In December 2005 the EU adopted the ‘European Consensus on Development', a joint EU development policy statement renewing its commitment to development and to the fi ght against poverty, and thereby the Millennium Development Goals. Through this Declaration, where human rights and good governance are important objectives and issues to be mainstreamed, the Community and the Member States will strive to improve coordination, complementarity and recipient country ownership in the delivery of development aid. The EU also committed itself to working towards joint multi-annual programming and common implementation mechanisms including shared analysis, joint donor wide missions, and the use of cofi nancing arrangements.
In November 2005 the Third Committee of the UN General Assembly adopted the traditional resolution on the right to development introduced by Malaysia on behalf of the Non- Aligned Movement. This endorses the agreed conclusions and recommendations adopted by the open-ended Working Group on the Right to Development (the Working Group) at its sixth session (14-18 February 2005), and calls for their immediate, full and eff ective implementation by the Offce of the High
Commissioner (OHCHR) and other relevant actors. It stresses the importance of the core principles contained in the conclusions of the Working Group at its third session (equity, transparency, accountability, non-discrimination).
The EU voted in favour of the resolution. In its explanation of vote the EU emphasized the obligation on the State to work for the fulfi lment of the right to development. In the EU's view, it is the primary responsibility of States to create the national conditions conducive to the fulfi lment of this right. This can best be achieved by applying a human rights perspective to national development plans and global partnerships, which stress the universality, indivisibility, inter-relatedness and interdependence of all human rights. The EU strongly supports the partnership between developed and developing countries set out in the Monterrey Consensus, which states that while ‘Each country has primary responsibility for its own economic development; national development efforts need to be supported by an enabling international economic environment'.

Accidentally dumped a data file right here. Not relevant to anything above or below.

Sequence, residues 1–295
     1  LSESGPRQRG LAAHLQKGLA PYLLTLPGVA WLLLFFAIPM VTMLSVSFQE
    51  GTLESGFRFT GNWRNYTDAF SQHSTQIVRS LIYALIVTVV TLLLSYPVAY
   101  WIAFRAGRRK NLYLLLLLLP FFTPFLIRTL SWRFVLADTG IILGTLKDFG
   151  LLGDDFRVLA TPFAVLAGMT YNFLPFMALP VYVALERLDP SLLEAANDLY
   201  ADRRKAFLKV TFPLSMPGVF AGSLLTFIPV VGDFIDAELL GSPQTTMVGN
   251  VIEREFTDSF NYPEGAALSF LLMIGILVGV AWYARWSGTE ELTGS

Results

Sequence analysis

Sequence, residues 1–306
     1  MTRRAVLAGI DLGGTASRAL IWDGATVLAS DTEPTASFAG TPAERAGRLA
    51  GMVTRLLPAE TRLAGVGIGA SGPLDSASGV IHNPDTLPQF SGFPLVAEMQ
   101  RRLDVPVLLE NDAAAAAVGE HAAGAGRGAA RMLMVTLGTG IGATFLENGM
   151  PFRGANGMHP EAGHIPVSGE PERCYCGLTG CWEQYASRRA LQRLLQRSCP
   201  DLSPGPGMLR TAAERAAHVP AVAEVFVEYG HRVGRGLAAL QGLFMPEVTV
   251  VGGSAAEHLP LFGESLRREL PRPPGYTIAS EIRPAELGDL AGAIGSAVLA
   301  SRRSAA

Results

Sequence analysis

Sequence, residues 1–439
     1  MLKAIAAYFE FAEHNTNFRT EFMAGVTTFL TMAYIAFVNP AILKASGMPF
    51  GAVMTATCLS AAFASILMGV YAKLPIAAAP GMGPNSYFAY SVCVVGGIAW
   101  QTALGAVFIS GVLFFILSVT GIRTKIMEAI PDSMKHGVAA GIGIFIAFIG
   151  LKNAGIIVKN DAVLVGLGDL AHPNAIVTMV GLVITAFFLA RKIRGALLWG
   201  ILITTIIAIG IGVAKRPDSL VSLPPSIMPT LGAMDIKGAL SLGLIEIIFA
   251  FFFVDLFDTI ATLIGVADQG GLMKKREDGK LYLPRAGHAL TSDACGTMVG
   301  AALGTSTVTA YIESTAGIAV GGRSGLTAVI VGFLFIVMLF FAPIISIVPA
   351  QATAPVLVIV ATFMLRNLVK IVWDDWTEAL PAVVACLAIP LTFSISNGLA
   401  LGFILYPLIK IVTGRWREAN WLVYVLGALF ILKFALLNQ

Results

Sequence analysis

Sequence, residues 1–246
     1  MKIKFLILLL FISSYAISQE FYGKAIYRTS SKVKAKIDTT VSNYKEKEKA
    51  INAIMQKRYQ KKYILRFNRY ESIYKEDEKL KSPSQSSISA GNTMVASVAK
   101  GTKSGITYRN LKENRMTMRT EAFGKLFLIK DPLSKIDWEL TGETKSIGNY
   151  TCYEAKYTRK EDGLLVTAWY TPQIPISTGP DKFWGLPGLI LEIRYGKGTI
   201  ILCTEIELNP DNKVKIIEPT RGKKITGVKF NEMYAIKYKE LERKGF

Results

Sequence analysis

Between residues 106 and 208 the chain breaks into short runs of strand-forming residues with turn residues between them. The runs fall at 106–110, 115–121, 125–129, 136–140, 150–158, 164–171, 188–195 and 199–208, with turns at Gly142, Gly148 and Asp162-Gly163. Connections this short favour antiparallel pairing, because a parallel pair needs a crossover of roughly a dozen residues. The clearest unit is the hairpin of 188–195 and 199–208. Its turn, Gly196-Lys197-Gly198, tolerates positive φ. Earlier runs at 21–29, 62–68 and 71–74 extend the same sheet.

The EU participated actively in the 7th session of the Working Group, which met from 9 to 13th January 2006. The Working Group is mandated by the CHR to monitor and review progress in the promotion and implementation of the right to development and to review reports and other information submitted by States and international or non-governmental organisations. The Working Group considered the report of the High Level Task Force (HLTF) on the Implementation of the Right to Development, relating especially to MDG-8 on global partnerships and the report of the OHCHR prepared for the 62nd and final session of the CHR. The EU underlined the respect for human rights as a prerequisite for eff ective and sustainable development policies and partnerships.
The mandate of the Working Group was extended for a further year on 30 June 2006 by the newly established Human Rights Council. The HLTF will meet for a further 5 days before the end of 2006 with a view to implementing the recommendations of the report of the 7th session of the Working Group.
The EU has a strong commitment to promote intercultural dialogue both within the Union and with third countries. The diversity of the Union has increased with the accession of new Member States and by 2007 the total population will approach 500 million, representing an immense richness of cultural, social and linguistic diversity. Moreover, this coincides with major demographic change resulting in an ageing and shrinking working population and sustained immigration flows leading to an even greater cultural diversity.